Comedy was developed in the 5th century BC by Aristophanes of Byzantium and focused on major figures and events. Middle comedy saw the role of the chorus reduced, public figures weren’t portrayed on stage as much. In the 3rd century after the death of Alexander the Great was the New Comedy era that focused more on common people and everyday situations. Some examples of the silly costumes they used could be kitchen utensils, knights riding another man playing a horse and characters that looked more like a caricature than real life.
The comedy was generally presented in four parts. In the parados the chorus entered the orchestra and sang and danced a number of songs. The agon came next where the principal actors would have a debate or quick-witted verbal contest with bizarre plot elements and fast changing scenes. There might have also have been some improvisation. The parabasis was the third part of the play. This was when the chorus spoke to the audience and for the poet. The exodos was the finale. During the exodos the chorus gave another lively song and dance routine.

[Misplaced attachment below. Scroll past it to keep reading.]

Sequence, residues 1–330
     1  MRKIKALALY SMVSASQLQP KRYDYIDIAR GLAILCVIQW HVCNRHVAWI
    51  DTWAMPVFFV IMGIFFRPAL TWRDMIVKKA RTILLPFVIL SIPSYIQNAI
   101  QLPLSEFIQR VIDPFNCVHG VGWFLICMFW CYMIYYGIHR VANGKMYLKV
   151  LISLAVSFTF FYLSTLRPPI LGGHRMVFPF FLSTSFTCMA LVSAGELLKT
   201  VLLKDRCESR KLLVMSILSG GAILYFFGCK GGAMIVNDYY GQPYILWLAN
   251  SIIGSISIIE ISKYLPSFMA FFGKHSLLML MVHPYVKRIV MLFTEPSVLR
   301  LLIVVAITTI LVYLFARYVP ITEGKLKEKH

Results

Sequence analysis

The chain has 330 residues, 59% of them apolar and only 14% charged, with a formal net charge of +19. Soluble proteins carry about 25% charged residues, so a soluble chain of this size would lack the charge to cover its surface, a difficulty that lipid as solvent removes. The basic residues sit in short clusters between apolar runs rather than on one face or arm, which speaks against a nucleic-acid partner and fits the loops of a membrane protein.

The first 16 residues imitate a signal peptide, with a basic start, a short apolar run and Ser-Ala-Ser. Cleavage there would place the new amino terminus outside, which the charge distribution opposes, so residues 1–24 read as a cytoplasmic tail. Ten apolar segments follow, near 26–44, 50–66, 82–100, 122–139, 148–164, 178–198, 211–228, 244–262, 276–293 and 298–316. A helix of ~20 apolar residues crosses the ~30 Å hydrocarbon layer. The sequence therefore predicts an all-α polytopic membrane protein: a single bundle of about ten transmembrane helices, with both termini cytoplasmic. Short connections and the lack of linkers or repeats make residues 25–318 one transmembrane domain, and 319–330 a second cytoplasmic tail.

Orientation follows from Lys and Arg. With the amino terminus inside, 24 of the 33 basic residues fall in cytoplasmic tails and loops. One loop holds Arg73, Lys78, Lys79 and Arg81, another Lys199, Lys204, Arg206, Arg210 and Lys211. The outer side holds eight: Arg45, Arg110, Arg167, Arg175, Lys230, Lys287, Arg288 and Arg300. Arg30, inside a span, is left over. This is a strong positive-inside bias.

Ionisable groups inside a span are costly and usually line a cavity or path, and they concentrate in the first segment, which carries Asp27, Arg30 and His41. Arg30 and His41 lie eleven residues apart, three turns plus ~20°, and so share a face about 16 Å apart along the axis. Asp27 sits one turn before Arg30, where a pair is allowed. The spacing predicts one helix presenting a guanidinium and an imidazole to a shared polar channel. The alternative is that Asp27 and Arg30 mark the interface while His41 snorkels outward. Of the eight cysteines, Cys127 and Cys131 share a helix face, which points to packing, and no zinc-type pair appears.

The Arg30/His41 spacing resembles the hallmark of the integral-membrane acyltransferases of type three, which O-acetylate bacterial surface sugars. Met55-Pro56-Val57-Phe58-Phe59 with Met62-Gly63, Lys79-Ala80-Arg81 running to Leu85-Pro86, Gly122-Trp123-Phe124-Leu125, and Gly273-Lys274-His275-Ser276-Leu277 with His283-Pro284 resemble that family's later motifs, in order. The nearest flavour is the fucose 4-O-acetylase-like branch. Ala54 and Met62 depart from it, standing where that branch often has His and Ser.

The Frogs by Aristophanes
Synopsis: Dionysus in despair over the current state of Athens’ tragedians, travels to Hades with his slave Xanthias to bring Euripides back from the dead (he had actually just recently died when the play was written). In the end it wasn’t Euripides that was brought back. His intention was to get across to the audience that the new way of doing things is not as good as the old and they should go back to the old way of doing things. Frogs won first prize at the Lenaia dramatic festival in 405 BC and was so successful that it was staged a second time later that same year at the festival of Dionysus in Athens.